When Ahmed Shah (1410-43) was establishing the Gujarat Sultanate his chief spiritual advisor was Shaikh Ahmed Khattu Ganj Baksh a Sufi saint. The saint was born in Delhi in 1338 and named Malik Nasiruddin. As a child he was separated from his family and adopted by a saint Baba Ishaq Maghrebi of Khattu ( Rajasthan). Baba named him Ahmed. He supervised the child’s education and under him Ahmed received and attained educational and spiritual excellence.
He came to Delhi but later left for the Deccan in the aftermath of Timur’s invasion. He settled in the village of Sarkhej and established his khanqah there. He became the spiritual advisor of Ahmed Shah.
In 1411 Ahmed Shah ascended the throne of Gujarat and laid the foundation of the Gujarat Sultanate. It was on the advise of the saint that the city of Ahmedabad was founded on the banks of the Sabarmati river.
The saint became very famous in his lifetime and ran an open house. His generosity got him the sobriquet of Gnj Baksh ( treasure house).
The saint died at the age of 111 in 1445. Mohammed Shah the reigning monarch got a dargah built for the saint.
It is a beautiful example of Indo-Saracenic architecture, with Hindu craftsmanship married to Islamic sense of scale and geometry.
The word is derived from the Persian word zarkhez which means fertile. It was inhabited by indigo weavers and dyers.
And they honored the shrine of the saint who had chosen to live amongst them by dying the ceiling of his dargah with indigo. The colors and design still live on through the ages.
Famous City designer Asif Shaikh told me about it and showed me his tribute to the Roza with his Indigo design series inspired by it.
This blog was inspired by that submission of self to the spiritual.
The shrine is extremely beautiful and a Centre of spiritual solace for the populace of Ahmedabad and nearby areas.
It’s intricate stone jaalis or lattice screens are a trademark of the Gujarati artisans and to be found in all the religious and secular buildings of the Sultanate Era.
Their light as it filters in provides the mystic environment necessary for meditation. It also provides shade and shelter from prying eyes.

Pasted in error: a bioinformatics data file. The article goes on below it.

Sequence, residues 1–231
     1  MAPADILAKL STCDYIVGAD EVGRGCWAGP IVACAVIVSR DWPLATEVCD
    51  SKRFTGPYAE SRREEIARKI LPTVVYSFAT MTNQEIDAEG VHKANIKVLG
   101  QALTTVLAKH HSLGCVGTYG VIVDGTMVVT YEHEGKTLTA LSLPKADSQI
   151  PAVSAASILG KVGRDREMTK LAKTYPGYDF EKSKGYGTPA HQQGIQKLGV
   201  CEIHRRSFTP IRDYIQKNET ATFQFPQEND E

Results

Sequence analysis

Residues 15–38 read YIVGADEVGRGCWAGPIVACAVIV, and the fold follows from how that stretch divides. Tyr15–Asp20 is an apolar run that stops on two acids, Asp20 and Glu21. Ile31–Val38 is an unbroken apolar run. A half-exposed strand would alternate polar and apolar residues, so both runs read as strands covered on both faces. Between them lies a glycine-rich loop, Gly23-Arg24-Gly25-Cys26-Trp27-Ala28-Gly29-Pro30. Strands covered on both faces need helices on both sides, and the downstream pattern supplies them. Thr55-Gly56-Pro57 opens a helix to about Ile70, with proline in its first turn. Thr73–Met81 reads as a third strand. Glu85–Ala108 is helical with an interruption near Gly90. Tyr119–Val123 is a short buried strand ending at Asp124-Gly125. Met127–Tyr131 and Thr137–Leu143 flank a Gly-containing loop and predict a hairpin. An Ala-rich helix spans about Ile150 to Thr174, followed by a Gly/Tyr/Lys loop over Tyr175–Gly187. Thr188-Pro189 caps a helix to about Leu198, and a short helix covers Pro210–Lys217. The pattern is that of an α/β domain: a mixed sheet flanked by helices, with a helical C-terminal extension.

The shrine is surrounded by a broad pillar Ed verandah on all four sides.
A drum used during festivals and urs.
As is normal with shrines of important saints a Mosque was also built alongside. Both the monuments were completed in 1451 CE by his successor Qutb’ud-din Ahmed Shah.
The Mosque is quite large with the Sultanate design of a huge courtyard and aisles running around it.
The entrance of the mosque
Since many of the royal family including ladies were the saints devotees a separate floor was built for them. It is ironical that today ladies are not allowed to enter it.
Sultan Mahmud Begada expanded the shrine and excavated a central tank around it adding a 17-acre large lake with stone steps
He added many pavilions and buildings on the opposite side of the lake. It became a royal retreat.
Looking out onto the tank.
The Sultan also added a Baradari ( 12 arched pavilion) in front and that becomes a popular spoof for locals to come and picnic and pray.
This is how shrines used to be in olden days : an integral part not just of spiritual life but social life as well.
Sultan Mahmud Begada himself is buried in a pavilion on the opposite side of the shrine overlooking the tank he built.
His son Muzzaffar II and his queen, Rajabai are also buried alongside him.
Once again jaalis and columns decorate the tomb of the Sultan.
When Akbar defeated Muzaffar III the Sultan of Gujarat in 1584 he added a mansion and garden.
A tomb outside the complex.